From Costumes to Parades to Bouncy Balls: Medical Realities Sit in the Back Seat as Patients Embrace the Opportunities at DCH
My oncology and hematology classroom experience began today. The atmosphere upstairs is much different than below. The oncology and hematology floor at DCH has an outpatient clinic attached that is for all cancer and blood patients, especially patients receiving chemotherapy. In addition to the clinic since the floor is much more focused on particular illnesses, the environment is different than the acute care floor. Recently staff members shaved their head in honor of the patients. All the students seem to relate better to each other, and the optimism on the 10th floor at DCH is overwhelming considering the circumstances, it is definitely the height of finding hope in everything life brings. For example on one of the patient’s doors it said “The Brave Patient X.”
In addition to the new environment today surrounding the people on the floor, the classroom is a new system as well. The students on the 10th floor stay longer in the hospital than the students on the acute care floor and that changes the classroom dynamic. In the classroom students have boxes of all their projects and the teachers are constantly in contact with the student’s schools to ensure that the students stay on track. To further explain the interactions that occur between the teachers and schools one of the physicians from the outpatient clinic came into the classroom today and approached the teacher and asked “I have a patient that you worked with in the past that is still having trouble in school because the school isn’t very accommodating and they are struggling academically as well as socially. I was wondering if you could speak with the patient and then assess their problems at school and write a letter as well as follow up with the school in the future.” The teacher followed up immediately, which is always a process that occurs in all Hospital School Programs.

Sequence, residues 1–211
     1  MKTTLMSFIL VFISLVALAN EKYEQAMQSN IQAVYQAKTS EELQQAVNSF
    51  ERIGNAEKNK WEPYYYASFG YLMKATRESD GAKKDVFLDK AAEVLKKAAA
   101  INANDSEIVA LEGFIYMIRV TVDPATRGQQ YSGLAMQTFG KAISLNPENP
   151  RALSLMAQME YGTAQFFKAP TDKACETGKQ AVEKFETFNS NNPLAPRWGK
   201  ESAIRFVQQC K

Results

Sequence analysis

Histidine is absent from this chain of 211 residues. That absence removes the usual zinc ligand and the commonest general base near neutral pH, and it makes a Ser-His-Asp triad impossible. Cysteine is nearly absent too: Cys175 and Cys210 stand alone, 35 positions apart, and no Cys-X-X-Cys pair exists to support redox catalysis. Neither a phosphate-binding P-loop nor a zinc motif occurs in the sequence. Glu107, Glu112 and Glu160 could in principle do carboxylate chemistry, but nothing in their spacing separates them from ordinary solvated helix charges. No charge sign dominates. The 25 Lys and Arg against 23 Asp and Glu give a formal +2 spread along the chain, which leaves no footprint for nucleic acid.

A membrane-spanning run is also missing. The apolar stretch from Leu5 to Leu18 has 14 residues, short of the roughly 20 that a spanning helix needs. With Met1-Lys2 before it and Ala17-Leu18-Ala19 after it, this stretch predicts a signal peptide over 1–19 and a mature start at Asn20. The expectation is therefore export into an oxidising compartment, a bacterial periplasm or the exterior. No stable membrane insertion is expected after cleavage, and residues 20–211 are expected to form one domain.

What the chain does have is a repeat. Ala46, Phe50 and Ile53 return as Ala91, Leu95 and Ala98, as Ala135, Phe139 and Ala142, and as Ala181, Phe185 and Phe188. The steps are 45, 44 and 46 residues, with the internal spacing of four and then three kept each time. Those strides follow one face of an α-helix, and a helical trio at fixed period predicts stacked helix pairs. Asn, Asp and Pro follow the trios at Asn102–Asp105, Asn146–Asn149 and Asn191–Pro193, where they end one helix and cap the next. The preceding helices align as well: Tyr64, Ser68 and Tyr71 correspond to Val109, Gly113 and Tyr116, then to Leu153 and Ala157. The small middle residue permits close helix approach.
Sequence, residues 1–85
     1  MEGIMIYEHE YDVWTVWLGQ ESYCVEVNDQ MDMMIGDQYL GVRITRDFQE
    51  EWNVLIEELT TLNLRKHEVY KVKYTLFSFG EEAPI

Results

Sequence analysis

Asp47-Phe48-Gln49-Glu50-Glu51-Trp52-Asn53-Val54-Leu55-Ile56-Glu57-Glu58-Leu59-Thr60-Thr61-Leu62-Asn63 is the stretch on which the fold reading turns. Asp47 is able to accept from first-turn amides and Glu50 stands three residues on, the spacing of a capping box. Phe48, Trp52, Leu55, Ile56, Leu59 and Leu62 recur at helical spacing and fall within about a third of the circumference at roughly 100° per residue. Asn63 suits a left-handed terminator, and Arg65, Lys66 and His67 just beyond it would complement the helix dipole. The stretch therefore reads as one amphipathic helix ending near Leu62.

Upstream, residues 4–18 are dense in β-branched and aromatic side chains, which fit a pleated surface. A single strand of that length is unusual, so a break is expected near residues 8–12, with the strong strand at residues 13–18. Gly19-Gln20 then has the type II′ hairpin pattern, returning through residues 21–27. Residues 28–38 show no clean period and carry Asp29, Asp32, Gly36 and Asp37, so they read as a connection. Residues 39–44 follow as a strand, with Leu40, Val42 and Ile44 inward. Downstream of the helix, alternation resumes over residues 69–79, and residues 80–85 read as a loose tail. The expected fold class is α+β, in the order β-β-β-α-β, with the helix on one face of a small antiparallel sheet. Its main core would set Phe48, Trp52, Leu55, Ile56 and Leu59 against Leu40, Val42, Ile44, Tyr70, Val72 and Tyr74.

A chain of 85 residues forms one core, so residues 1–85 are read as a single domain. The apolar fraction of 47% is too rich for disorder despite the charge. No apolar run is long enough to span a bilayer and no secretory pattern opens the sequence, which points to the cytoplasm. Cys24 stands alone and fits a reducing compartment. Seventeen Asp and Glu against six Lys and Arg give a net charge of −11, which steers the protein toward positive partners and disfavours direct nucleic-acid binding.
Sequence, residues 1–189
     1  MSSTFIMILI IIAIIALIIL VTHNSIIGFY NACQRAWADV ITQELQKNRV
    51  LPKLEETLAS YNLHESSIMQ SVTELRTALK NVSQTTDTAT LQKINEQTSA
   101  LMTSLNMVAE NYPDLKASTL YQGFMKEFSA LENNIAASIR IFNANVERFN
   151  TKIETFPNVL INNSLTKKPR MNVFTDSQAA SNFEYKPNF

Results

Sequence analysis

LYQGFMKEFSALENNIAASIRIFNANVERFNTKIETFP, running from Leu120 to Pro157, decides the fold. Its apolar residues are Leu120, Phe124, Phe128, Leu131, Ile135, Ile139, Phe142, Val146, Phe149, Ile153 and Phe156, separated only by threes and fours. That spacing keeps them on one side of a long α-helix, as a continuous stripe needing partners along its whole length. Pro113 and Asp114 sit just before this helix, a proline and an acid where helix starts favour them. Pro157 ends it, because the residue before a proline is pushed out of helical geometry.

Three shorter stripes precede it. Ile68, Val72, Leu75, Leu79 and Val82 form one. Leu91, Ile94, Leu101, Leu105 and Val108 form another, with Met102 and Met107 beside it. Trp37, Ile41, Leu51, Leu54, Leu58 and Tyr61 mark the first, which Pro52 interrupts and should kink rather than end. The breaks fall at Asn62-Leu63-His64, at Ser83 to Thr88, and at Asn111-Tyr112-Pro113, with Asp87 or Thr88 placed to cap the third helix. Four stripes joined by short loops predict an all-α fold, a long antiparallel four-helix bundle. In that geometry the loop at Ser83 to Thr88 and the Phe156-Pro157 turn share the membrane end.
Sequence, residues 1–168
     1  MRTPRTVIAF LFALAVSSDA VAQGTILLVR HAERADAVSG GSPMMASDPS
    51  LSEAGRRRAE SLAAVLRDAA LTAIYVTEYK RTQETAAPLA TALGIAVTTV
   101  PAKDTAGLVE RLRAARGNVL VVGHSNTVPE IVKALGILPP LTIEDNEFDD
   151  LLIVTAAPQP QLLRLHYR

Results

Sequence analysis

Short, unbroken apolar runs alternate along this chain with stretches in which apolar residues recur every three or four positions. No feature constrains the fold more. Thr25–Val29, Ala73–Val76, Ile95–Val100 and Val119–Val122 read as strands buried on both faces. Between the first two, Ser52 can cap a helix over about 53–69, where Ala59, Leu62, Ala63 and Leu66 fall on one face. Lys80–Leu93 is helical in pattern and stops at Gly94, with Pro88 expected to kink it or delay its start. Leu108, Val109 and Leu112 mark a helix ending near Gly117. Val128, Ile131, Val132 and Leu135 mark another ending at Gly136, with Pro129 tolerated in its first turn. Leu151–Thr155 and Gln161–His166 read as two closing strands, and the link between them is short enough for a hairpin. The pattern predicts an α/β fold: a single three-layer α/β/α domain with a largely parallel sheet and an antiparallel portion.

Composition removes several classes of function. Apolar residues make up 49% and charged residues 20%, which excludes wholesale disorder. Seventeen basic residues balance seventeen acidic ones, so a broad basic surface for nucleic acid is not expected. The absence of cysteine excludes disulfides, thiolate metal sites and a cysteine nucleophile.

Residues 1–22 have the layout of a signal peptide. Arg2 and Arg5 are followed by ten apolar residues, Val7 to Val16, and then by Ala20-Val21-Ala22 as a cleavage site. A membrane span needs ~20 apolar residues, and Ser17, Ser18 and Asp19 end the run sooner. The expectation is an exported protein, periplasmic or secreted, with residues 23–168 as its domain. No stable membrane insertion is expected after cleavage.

I was making a bouncy ball and beginning a project on the solar system this afternoon when I returned to classroom to find not a soul in sight. Voices began to echo down the hallway of the ward and I followed the sound to find all the students as new figures: dressed up as Cinderella, a witch, a ninja and a princess. The ubiquitous smiles of the people on the ward carried on as the patients dressed up as their favorite characters and figures and paraded to music around the ward, dancing and putting reality behind to find hope and happiness in everything possible.
The Chelsea Hick’s Foundation (CHF) is the sponsor of Chelsea’s Closet that supplied the patients with the costumes this afternoon at DCH. Chelsea’s Closet is a portable closet with boys and girls costumes for patients to have a dress up party once a month. The goal of the CHF is to invoke laughter and smiles from young children struggling from illnesses as well as the family trying to handle the diagnosis and treatment. It keeps kids kids when they are battling a serious illness such as cancer.
Below are pictures of the classroom on the 10th floor as well as projects I completed with students. The pictures of clothes below is an image Chelsea’s Closet, the foundation I described above. I will describe more of my interactions with patients on the oncology and hematology floor later, as I build relationships with the students on the new floor as I did on the acute care floor.